Noisy Deadlines

socialmedia

I ask that because I noticed one day I was working extremely focused. The whole day. My working hours were highly productive. I was in a state of flow. It felt good. And that meant I didn't check social media. I checked my personal e-mail only 3 times the whole day. It was one of my most productive days in months!

And when I got home in the evening I sat down to read a book. And I just couldn't focus! I couldn't get past the first sentence. My mind was searching for something. CRAVING for something. And 15 minutes later of reading the same sentence over and over I realized I wanted to check news. Updates. New information!

It seemed like my brain needed stimulation before doing focussed work again. Does that mean I got addicted to the dopamine release related to the social media usage? I got my mobile phone and looked at the shiny screen... ...I opened Twitter, but there nothing much there anymore. ...2 minutes later I checked my 2 e-mails accounts. Nothing of importance. ...5 minutes later I checked Whatsapp and Telegram. Read all the messages. Nothing major to reply. ...10 minutes later I opened the Discord app. Read all the messages of the groups I currently participate on. Didn't need to reply anything. Done.

And then I was good to get back to my book.

There is one good thing happening here: none of the apps that I looked into had an endless timeline. Twitter could potentially have the never ending scrolling feed but I only follow 9 accounts there, so nothing much to see. And so I spent 17 minutes checking my “feeds”, which is not much considering that in the past I used to be sucked into the Facebook feed for hours.

I think I'm making progress...

But I still think my brain is not the same. Why did I had this urge to check any of those apps? I felt like a lab rat pulling the lever to get some food.

Weird... I wonder if I will ever get rid of this brain hack.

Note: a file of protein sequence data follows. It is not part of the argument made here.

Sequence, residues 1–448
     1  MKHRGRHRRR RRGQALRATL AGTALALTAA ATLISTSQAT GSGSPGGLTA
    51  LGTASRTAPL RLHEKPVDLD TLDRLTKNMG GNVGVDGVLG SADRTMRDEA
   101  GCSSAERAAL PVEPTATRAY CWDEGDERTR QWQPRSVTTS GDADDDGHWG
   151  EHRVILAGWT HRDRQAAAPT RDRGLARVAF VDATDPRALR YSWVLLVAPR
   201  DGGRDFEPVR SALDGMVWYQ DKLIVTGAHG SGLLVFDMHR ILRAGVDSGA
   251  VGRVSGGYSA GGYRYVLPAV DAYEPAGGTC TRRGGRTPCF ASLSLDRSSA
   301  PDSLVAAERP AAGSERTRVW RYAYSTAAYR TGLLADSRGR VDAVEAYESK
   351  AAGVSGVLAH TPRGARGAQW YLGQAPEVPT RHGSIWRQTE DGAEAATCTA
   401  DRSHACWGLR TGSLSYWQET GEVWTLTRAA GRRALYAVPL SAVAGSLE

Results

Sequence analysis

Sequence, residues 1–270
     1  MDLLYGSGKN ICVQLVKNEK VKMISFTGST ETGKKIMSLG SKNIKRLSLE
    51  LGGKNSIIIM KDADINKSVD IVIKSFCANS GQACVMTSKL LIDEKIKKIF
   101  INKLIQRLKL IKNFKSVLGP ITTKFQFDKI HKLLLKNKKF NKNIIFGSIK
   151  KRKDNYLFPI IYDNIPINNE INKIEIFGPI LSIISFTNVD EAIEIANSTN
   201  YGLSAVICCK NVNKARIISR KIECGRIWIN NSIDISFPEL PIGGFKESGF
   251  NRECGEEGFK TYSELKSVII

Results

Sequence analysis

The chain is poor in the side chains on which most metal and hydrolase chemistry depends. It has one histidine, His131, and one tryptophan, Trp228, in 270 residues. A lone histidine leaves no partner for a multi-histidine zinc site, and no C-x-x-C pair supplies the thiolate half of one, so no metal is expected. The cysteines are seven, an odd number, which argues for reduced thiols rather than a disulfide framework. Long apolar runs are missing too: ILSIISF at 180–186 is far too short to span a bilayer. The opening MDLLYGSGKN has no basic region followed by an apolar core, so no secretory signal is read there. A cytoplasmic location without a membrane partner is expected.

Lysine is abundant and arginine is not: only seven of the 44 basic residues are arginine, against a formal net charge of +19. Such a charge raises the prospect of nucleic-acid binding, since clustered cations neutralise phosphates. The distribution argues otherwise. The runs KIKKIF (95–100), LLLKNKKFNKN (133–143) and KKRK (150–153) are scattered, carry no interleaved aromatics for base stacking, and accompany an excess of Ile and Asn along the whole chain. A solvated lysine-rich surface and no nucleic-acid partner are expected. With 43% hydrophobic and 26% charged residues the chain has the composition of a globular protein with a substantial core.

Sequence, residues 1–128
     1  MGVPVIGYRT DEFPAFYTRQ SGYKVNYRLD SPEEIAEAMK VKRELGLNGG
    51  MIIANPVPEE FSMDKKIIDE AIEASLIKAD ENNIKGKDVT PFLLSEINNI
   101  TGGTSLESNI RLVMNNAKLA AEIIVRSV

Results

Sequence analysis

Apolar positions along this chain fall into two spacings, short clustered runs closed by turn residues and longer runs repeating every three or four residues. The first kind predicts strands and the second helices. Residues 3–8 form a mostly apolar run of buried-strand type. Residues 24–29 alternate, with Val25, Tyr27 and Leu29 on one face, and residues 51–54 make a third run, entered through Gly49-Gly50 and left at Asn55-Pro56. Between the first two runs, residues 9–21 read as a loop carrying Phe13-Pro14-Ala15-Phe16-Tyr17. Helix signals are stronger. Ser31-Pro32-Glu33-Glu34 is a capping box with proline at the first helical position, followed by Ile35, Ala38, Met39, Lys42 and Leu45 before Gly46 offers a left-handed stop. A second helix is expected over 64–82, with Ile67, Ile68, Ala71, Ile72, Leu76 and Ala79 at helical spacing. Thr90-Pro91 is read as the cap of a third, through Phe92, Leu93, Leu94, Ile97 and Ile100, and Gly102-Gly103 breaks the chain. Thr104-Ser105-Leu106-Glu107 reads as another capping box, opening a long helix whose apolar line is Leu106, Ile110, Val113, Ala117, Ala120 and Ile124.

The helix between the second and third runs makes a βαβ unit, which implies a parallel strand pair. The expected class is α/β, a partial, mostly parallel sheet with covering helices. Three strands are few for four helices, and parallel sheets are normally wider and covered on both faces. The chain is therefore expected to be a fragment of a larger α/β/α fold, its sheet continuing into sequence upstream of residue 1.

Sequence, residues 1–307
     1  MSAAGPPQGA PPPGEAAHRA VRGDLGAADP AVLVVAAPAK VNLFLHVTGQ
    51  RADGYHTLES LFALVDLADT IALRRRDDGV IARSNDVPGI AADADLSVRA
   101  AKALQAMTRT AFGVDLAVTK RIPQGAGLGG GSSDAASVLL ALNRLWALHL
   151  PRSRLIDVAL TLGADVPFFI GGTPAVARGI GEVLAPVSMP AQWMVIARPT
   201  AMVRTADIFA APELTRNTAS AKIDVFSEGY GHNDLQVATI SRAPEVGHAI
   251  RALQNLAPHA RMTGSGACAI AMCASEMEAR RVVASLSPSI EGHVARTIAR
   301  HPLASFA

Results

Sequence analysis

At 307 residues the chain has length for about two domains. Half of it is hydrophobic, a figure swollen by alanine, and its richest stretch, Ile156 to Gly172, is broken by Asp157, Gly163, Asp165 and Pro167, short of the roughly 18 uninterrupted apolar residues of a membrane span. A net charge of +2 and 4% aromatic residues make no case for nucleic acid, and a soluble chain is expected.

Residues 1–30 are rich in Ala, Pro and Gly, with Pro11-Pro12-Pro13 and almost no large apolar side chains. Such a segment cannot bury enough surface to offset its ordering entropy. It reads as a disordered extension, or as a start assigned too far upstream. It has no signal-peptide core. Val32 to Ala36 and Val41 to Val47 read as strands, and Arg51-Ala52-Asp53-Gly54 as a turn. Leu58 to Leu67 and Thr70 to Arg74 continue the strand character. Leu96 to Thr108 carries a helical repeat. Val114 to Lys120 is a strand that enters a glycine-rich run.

#socialmedia #addiction #attentionresistance #noisymusings

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By Noisy Deadlines Minimalist in progress, nerdy, introvert, skeptic. I don't leave without my e-reader.

Yesterday I deactivated my Facebook account. Yes, I didn't delete it yet, but I deleted my photo albums. I decided to be away from Twitter and Facebook this month inspired by Cal Newport's book Digital Minimalism.

The thing is: there is so much information available on the internet and I don't want to let an algorithm show me what to see. That's why I always love [moderated] discussion forums. It's theme focused and generally people there are looking for information and trying to help each other. Social media has some of it too, but 99% of it is just showing off.

I remember it was not used to be that way. It really was a more personal approach where we could connect and share ideas with close friends. Now it's an ad driven world where quantity matters more than quality. I used to love social media. I joined the first “connect to friends” websites back when “social media” was not even a noun. I used to have an account at SixDegrees.com. It was launched 22 years ago. It was shut down in 2001. Then I used MySpace (not my favorite), Orkut (2007, I remember there were hundreds of useless groups and hate speech started to build there) and then, Facebook (2009).

At the beginning I used Facebook to connect to a group of international colleagues from a course I've taken abroad. Facebook was not about news or companies profiles. There were only people. There were ads, yes, but they were less obnoxious. At some point all these companies started to show up on Facebook and ads started to overflow our timelines. And then viral videos. And then the non-chronological timeline. That annoyed me a lot. A timeline where you had no control of. Then I started to realize something was wrong with Facebook and with what my contacts were publishing there. It was all fake. It was all just for show. And I include myself in this madness. It's time to stop the madness.

I've long deleted my timeline on Facebook, meaning: I don't see anything on my timeline. I was occasionally logging to Facebook to check out some groups. And that's all I did there. I deleted my photo albums. And I'm still trying to delete my comments and likes but there's no way to automate that. I have to go to every single post and delete it manually. I'm still searching for a better solution.

I wonder if I delete my account, all my data will be deleted or Facebook will still have that data in their servers. I wanted to do a full delete from their servers. I don't know if that's possible yet.

For now, I deactivated my account. I'll be away from Facebook for 30 days.

#socialmedia #facebook #digitalminimalism #attentionresistance #noisymusings

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By Noisy Deadlines Minimalist in progress, nerdy, introvert, skeptic. I don't leave without my e-reader.